Arbitration under the ECT and other Investment Protection Treaties - Chapter 6 - Investment Arbitration and the Energy Charter Treaty
Michael Polkinghorne, Partner, White & Case, Paris
Michael Polkinghorne has a broad range of experience in arbitration and litigation in the areas of energy, project finance, construction, infrastructure, telecoms and defense procurement. He has served as counsel and arbitrator in arbitrations conducted under most major institutional rules. While he has covered disputes arising in many different countries, his current practice concentrates on Eastern Europe and the CIS, as well as South and South East Asia, where he lived and worked in the late 1990s. He has significant expertise in the area of foreign direct investment, acting both for and against states. Mr. Polkinghorne also has a significant transactional practice, advising clients in the energy and infrastructure development fields. He has advised a number of petroleum clients on projects in South East Asia, the Russian Federation and North Africa, and has advised the governments of India, Yemen and Mozambique on energy-related matters.
Mr. Polkinghorne is presently a member of the Legal Advisory Task Force of the European Energy Charter Secretariat, which is currently preparing a new edition of the Model Intergovernmental and Host Government Agreements for Cross-Border Pipelines. Admitted to practice in both common law and civil law jurisdictions, Mr. Polkinghorne is presently the alternate Australian member of the ICC’s International Court of Arbitration, where he is also a member of their taskforce on reducing costs in complex arbitrations.
Bernardo M. Cremades, Senior Partner, B. Cremades y Asociados, Madrid
Bernardo Cremades is the Senior Partner of the law firm of B. Cremades y Asociados in Madrid. He is a Professor at the University of Madrid with the distinguished position of Catedrático in the Faculty of Law and the Faculty of Economics.
Professor Cremades is a member of the Madrid Bar and formerly of the Paris and Brussels Bars, specializing in international commercial and investment arbitration. He is President of the Spanish Court of Arbitration, President of the Global Center for Dispute Resolution Research, and a member of the International Council for Commercial Arbitration and the ICC Institute of World Business Law.
Professor Cremades has participated as an attorney, arbitrator or as President of the Arbitral Tribunals in more than 150 arbitral proceedings. He has recently been appointed as an arbitrator in a number of ICSID Investor-State arbitrations.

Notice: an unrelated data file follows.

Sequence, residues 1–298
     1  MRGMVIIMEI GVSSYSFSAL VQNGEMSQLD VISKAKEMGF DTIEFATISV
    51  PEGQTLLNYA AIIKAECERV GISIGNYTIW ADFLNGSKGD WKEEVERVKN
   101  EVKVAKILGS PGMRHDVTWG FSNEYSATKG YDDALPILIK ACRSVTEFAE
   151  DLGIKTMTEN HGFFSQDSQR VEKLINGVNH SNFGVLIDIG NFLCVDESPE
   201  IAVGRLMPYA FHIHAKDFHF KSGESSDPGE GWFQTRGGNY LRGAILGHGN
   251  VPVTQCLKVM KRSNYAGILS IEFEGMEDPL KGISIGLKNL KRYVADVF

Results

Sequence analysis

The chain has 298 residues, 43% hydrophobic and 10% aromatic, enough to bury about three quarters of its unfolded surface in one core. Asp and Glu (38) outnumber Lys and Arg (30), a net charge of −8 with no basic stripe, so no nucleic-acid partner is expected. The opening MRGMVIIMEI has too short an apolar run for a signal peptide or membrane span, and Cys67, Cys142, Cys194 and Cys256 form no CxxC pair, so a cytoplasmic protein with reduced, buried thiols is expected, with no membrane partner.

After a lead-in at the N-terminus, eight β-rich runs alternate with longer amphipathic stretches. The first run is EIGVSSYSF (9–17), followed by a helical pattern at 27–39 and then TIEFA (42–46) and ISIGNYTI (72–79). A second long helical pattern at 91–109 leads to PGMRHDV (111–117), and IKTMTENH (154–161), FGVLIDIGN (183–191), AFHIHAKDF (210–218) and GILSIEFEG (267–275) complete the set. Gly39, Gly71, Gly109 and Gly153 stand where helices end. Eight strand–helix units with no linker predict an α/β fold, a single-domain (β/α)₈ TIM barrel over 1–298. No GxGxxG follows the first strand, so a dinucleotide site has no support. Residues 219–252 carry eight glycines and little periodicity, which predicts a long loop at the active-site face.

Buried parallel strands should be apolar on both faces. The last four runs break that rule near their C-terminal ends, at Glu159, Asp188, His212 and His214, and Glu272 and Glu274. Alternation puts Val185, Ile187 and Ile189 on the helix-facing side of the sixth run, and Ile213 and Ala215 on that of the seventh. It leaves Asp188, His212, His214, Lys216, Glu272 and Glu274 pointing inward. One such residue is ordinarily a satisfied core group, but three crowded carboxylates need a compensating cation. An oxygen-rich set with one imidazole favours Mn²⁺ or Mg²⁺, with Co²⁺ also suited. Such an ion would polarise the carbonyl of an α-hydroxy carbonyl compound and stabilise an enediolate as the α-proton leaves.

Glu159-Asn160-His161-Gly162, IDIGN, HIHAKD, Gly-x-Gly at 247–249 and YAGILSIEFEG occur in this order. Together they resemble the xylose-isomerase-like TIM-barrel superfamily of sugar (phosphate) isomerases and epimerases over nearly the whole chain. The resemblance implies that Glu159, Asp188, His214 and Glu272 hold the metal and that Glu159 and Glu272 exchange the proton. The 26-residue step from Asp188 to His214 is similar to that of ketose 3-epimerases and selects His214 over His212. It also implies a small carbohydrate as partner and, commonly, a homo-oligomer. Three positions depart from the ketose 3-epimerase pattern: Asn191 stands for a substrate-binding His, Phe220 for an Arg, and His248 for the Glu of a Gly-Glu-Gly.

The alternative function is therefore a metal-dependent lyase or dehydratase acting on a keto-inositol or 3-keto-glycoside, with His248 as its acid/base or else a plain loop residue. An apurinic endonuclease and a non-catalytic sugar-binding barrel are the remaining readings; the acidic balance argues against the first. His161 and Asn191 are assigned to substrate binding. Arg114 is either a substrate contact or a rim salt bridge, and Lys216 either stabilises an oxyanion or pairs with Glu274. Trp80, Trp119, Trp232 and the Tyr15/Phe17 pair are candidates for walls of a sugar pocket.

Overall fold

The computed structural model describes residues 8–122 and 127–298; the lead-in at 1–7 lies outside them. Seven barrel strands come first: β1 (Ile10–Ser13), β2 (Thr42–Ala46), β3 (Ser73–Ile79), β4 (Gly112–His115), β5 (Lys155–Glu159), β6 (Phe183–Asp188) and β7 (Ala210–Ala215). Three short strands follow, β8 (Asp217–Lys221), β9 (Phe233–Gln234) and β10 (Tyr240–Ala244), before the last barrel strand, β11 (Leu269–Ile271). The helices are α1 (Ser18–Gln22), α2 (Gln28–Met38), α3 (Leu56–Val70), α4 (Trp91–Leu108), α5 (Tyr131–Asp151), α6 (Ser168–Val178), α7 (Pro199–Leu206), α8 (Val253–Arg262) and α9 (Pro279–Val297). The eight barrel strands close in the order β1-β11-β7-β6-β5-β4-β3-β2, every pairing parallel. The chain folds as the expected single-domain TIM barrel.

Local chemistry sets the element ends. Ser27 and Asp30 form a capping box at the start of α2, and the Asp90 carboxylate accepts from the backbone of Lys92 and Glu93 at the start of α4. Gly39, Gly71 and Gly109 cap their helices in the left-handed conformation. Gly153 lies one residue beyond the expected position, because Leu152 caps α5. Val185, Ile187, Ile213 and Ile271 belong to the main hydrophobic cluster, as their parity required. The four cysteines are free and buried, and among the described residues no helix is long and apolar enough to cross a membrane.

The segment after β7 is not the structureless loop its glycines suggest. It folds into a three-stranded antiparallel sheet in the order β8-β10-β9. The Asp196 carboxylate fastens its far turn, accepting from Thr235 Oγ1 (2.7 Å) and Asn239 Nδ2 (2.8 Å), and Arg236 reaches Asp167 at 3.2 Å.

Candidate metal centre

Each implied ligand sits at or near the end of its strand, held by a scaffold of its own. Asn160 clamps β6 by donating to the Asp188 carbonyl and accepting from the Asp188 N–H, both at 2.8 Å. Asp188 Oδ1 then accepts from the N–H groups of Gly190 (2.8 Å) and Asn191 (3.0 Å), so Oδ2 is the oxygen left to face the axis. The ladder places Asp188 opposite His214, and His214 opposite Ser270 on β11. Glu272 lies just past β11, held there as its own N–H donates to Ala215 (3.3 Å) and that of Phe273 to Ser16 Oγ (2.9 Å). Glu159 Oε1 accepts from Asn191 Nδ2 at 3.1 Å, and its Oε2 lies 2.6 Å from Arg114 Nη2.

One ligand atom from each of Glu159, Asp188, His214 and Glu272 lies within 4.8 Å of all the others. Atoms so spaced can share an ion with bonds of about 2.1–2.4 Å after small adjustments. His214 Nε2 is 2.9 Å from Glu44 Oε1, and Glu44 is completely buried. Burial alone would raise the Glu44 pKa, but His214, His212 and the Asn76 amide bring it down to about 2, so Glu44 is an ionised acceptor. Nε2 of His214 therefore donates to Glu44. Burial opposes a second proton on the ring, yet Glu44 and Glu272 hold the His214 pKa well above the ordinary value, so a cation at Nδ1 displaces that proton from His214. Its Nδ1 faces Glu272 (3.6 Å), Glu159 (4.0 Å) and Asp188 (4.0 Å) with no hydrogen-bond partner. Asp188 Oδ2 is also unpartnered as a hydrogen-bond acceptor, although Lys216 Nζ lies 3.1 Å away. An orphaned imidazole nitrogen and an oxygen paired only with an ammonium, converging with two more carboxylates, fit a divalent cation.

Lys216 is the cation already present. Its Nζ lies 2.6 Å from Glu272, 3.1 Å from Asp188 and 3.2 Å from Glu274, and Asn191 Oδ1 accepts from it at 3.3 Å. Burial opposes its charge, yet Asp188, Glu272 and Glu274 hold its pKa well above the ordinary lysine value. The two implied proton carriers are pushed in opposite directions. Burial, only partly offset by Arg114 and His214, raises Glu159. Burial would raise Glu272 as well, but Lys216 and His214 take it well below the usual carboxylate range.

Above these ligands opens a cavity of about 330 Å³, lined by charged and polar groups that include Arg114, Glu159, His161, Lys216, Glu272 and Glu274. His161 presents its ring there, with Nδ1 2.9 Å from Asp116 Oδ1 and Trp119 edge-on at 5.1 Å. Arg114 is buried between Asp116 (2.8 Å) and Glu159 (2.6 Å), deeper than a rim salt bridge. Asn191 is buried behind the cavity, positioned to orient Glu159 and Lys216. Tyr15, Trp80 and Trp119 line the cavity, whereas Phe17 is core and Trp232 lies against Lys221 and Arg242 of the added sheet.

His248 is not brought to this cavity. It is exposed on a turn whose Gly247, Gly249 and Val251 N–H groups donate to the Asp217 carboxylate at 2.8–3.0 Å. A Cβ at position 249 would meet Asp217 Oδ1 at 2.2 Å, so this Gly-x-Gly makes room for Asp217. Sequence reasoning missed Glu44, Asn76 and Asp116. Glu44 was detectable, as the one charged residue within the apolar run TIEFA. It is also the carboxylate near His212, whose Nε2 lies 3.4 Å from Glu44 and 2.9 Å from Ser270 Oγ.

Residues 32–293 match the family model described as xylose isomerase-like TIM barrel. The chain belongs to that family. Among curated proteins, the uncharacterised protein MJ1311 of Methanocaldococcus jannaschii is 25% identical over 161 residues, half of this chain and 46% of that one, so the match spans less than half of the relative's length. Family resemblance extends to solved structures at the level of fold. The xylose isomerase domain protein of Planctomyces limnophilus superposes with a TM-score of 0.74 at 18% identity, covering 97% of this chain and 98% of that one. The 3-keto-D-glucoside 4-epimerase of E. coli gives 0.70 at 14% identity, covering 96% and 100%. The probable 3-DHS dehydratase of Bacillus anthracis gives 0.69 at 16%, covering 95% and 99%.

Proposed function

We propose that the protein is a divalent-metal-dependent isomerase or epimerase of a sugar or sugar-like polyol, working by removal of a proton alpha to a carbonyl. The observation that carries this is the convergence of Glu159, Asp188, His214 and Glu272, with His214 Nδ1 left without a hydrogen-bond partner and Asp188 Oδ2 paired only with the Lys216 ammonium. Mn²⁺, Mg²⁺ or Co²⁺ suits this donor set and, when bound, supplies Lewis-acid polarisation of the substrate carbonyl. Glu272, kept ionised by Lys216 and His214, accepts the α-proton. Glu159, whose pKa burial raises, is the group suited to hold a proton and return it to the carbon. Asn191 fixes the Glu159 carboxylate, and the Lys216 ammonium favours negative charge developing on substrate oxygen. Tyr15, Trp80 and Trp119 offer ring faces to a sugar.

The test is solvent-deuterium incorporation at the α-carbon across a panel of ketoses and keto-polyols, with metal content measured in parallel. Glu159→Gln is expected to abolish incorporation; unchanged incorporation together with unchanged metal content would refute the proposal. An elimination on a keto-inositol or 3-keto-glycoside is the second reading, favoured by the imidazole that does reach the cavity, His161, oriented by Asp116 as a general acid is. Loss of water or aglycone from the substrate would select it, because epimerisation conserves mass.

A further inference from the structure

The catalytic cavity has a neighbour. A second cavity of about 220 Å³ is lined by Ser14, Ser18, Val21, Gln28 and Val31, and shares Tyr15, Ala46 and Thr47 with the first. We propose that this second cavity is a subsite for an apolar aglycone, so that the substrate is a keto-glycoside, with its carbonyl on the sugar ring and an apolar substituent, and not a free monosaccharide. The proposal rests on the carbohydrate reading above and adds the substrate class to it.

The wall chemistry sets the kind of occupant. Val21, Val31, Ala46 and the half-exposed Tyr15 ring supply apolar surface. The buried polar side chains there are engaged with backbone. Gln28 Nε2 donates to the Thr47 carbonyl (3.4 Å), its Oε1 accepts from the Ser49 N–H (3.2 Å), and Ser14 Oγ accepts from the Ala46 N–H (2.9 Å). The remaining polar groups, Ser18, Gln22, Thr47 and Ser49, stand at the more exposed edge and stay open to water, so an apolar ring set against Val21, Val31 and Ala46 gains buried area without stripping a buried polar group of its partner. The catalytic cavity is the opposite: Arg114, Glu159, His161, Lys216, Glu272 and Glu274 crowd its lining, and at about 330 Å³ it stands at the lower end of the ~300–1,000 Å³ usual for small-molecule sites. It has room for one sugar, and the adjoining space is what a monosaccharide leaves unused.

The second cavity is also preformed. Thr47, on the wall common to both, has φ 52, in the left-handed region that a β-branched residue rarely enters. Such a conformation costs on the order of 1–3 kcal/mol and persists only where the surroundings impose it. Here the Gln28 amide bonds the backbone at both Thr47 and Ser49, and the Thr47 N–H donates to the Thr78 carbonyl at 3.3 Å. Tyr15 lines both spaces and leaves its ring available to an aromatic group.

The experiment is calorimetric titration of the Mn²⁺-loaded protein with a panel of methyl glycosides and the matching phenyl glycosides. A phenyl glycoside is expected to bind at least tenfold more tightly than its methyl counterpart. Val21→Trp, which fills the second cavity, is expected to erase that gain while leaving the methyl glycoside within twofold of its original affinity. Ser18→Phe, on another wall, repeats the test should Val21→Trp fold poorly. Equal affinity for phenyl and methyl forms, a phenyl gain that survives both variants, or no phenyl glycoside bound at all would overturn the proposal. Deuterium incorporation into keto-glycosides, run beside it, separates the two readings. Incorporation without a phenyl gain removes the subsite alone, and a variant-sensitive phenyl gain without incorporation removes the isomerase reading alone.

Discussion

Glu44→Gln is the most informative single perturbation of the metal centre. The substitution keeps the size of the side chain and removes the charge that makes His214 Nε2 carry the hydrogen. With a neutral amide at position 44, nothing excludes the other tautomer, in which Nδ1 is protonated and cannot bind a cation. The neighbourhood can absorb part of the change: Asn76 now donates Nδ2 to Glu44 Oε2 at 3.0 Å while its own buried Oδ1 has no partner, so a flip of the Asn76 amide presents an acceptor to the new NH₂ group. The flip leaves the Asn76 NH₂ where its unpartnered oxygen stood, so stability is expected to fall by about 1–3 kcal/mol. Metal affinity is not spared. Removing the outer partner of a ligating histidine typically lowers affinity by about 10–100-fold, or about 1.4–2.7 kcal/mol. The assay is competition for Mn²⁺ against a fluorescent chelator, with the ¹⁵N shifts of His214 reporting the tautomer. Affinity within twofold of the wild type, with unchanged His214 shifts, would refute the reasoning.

Richard Happ, Attorney, Luther Rechtsanwaltsgesellschaft mbH
Richard Happ is a lawyer in the dispute resolution department of Luther in Hamburg, Germany. Prior to joining the firm in 2001, he spent his legal clerkship (Referendariat) from 1998 to 2001 in Kiel, Hamburg, Speyer and at the Department of Legal Affairs of the Energy Charter Secretariat in Brussels. From 1996 to 1999, he was a research assistant (wiss. Mitarbeiter) at the Faculty of Law of the University of Kiel. Mr. Happ has published several papers on the topic of investment arbitration, in particular his doctoral thesis on State-Investor Arbitration under Article 26 ECT. He is adjunct lecturer (Lehrbeauftragter) for international commercial arbitration at the University of Kiel.
Originally from Investment Arbitration and the Energy Charter Treaty
As speaker on the last session of this fascinating conference, I promise to remain mindful of the reflections of Lord Mancroft, who once reflected that, "a speech is like a love affair; any fool can start it, but to end it requires considerable skill…”
The problems posed by parallel proceedings are readily selfapparent; the risk of inconsistent decisions, extra time and expense, uncertainty and different places of arbitration with different rules to name but a few. But the issues are at times complex to state, let alone resolve.
When speaking of parallel proceedings, one has to consider a myriad of scenarios. The "traditional" situation involves a dispute being adjudicated under both contractual and treaty-based mechanisms. This problem has, as most of us here today know, done the rounds, and it is not my intention to revisit the Vivendi or SGS decisions today. Suffice to say that the drafters of treaties, through for example, requirements for the exhaustion of remedies or fork in the road provisions - and tribunals have obviously been mindful of the issue.
The problem, however, runs deeper and broader. The growing awareness of the Energy Charter Treaty increases the chances of simultaneous "public" arbitrations, such as under a BIT and the ECT (the Plama dispute is, and the pending Yukos arbitration may be, a case in point). Also, the CME case(s) against the Czech Republic demonstrated the possibility of simultaneous BIT arbitrations, where a treaty allows recourse in respect of indirect investment through another (treaty) state. In that respect, one can note from the CME decisions the potential for inconsistent results.
The analysis should of course start with a definition of the problem we are trying to solve, before we can seriously embark upon finding a solution. It is unlikely that a universal panacea exists, and so we may be looking at different mechanisms for different aspects of the one phenomenon.